MOVIE REVIEW : 'Twenty': An Engaging Tale About Passing the Buck


"Twenty Bucks" (selected theaters) began as a script written by screenwriter Endre Bohem in 1935 and then was passed on to his son Leslie more than four decades later. Although largely reworked, the scenario still has a charmingly musty quality. It's contemporary yet it harkens back to a simpler way of feeling.

The film, directed by Keva Rosenfeld, follows a $20 bill as it's passed from hand to hand. Most of the bill's owners never meet, and yet they are bound by the transactions. The disparate vignettes interconnect as a series of raffish, O. Henry-ish stories with a common thread--in each case the twenty transforms its bearer.

This free-form ensemble piece doesn't have the savvy or the breadth that a Robert Altman might have brought to it. (On the other hand, judging from "Short Cuts," Altman would be too sour to realize its humor.) Rosenfeld, who comes from the documentary arena, shoots things very simply, with a minimum of fuss. The half dozen or so stories dovetail in ways just improbable enough to seem real. "Twenty Bucks" (rated R) points up the democracy of cash: One day you're owned by a street urchin, the next by a millionaire.

Linda Hunt plays the street urchin who first finds the twenty, then has it snatched by a skateboarder. As the stories develop, we encounter a spiffy petty thief (Christopher Lloyd) and his pick-up accomplice (Steve Buscemi), a New Age curio shop owner (Gladys Knight) who mails the bill to her grandson (Kamal Holloway) as a birthday present, a young writer (Elisabeth Shue) whose aspirations are rejected by her father (Alan North), a working-class kid (Brendan Fraser) who attempts to marry rich and gets the twenty as a token gift from his future father-in-law (George Morfogen), and the stripper (Melora Walters) at the kid's bachelor party who gets the bill stuffed in her G-string.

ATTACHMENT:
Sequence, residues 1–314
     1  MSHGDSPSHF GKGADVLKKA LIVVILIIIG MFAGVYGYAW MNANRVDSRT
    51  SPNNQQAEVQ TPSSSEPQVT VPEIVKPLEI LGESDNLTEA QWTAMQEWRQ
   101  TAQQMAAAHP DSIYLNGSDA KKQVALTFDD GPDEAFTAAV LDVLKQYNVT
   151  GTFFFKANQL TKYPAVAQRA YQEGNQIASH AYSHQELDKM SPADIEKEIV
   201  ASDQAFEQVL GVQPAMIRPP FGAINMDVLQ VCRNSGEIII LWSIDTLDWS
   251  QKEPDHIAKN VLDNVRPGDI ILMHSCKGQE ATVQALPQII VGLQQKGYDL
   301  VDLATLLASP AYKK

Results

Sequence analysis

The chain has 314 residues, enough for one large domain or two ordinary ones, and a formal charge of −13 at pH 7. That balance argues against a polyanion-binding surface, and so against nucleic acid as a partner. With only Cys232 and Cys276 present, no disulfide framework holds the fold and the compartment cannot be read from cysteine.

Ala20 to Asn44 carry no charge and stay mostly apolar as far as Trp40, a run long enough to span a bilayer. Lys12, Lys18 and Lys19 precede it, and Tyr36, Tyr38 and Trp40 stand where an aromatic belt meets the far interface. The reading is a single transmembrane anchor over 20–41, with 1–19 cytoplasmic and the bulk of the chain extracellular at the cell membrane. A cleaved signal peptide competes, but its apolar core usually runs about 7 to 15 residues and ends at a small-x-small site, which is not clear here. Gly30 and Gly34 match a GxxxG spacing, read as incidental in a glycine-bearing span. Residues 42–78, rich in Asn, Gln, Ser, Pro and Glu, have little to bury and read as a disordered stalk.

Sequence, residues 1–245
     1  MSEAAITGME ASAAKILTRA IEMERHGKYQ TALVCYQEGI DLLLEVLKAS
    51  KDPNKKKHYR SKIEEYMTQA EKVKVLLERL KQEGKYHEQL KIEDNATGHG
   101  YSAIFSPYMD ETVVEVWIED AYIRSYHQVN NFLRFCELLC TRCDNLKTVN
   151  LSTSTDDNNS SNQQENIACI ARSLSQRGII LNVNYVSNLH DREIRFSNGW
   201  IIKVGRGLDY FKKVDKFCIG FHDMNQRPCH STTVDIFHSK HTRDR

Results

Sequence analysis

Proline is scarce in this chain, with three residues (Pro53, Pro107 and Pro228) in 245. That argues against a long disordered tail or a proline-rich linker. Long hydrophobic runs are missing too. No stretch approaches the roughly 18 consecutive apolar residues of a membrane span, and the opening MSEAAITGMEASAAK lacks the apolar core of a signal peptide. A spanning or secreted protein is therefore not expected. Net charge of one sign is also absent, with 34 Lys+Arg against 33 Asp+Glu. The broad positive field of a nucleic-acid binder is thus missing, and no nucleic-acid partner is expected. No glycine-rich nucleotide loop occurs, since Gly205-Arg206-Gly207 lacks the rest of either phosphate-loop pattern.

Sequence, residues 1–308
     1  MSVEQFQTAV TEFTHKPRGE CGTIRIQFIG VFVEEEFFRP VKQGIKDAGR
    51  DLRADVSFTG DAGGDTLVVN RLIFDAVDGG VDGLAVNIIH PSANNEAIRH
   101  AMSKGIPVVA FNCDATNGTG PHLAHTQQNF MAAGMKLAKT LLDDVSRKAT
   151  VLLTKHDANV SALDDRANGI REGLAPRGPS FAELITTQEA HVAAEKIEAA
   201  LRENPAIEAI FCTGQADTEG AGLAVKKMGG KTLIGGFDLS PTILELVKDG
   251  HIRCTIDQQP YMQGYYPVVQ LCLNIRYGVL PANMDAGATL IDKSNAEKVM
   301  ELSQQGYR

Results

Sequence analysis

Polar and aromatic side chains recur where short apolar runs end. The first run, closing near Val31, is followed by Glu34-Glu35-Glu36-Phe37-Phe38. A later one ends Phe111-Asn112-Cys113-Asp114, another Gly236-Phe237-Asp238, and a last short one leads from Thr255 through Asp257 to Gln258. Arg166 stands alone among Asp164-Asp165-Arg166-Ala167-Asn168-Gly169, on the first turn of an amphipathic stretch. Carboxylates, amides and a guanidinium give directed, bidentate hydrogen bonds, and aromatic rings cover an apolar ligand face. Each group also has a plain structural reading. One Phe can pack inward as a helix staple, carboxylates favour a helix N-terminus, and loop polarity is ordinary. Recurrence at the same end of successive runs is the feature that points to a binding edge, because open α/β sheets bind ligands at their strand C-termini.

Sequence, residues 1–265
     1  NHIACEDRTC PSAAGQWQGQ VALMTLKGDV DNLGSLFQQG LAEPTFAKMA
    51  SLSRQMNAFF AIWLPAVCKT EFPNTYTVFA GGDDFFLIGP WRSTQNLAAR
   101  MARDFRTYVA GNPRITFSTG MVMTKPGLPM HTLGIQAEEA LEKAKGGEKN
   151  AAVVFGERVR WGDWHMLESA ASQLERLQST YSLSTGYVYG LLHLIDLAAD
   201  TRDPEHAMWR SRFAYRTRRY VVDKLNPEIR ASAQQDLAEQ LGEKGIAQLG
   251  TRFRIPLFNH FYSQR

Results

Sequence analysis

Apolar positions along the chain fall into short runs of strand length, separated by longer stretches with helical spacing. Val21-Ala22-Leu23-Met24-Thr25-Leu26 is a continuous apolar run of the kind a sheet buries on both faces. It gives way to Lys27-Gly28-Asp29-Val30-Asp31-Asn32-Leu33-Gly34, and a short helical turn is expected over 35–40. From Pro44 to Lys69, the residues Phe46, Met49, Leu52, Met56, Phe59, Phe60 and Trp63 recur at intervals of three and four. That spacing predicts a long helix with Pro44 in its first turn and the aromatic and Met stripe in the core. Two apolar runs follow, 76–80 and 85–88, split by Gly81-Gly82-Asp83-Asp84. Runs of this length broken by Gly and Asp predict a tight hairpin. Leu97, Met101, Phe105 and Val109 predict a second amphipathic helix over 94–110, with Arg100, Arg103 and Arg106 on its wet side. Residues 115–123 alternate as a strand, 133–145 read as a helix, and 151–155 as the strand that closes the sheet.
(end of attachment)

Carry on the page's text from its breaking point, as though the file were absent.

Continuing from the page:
Not all these stories amount to much, but the best of them, like the Lloyd-Buscemi confab, have a wonderful strangeness. Lloyd gives one of his best screen performances: His hold-up man is well-tailored and curt, more like an assistant bank manager than a robber. He's got everything figured out but his serene look is, on closer inspection, totally ga-ga. He's the bandit as gentlemanly control freak, and Buscemi, slobbery and inept, is his perfect foil.

There are other wonderful moments, like the final scene between Fraser and his prospective father-in-law, or the bachelor party sequence where the bemused stripper realizes she's pranced into a wake. "Twenty Bucks" (rated R for language and a scene of sexuality) bops along lackadaisically but it comes full circle by the end. It's the kind of scruffy fable that doesn't usually get made anymore--at least not since 1935.

'Twenty Bucks'

Linda Hunt: Angeline

Brendan Fraser: Sam

Gladys Knight: Mrs. McCormac

Elisabeth Shue: Emily Adams

A Triton Pictures release. Director Keva Rosenfeld. Producer Karen Murphy. Screenplay by Leslie and Endre Bohem. Cinematographer Emmanuel Lubezki. Editor Michael Ruscio. Costumes Susie DeSanto. Music David Robbins. Production design Joseph T. Garrity. Running time: 1 hour, 31 minutes.

MPAA-rated R (language and sexuality).

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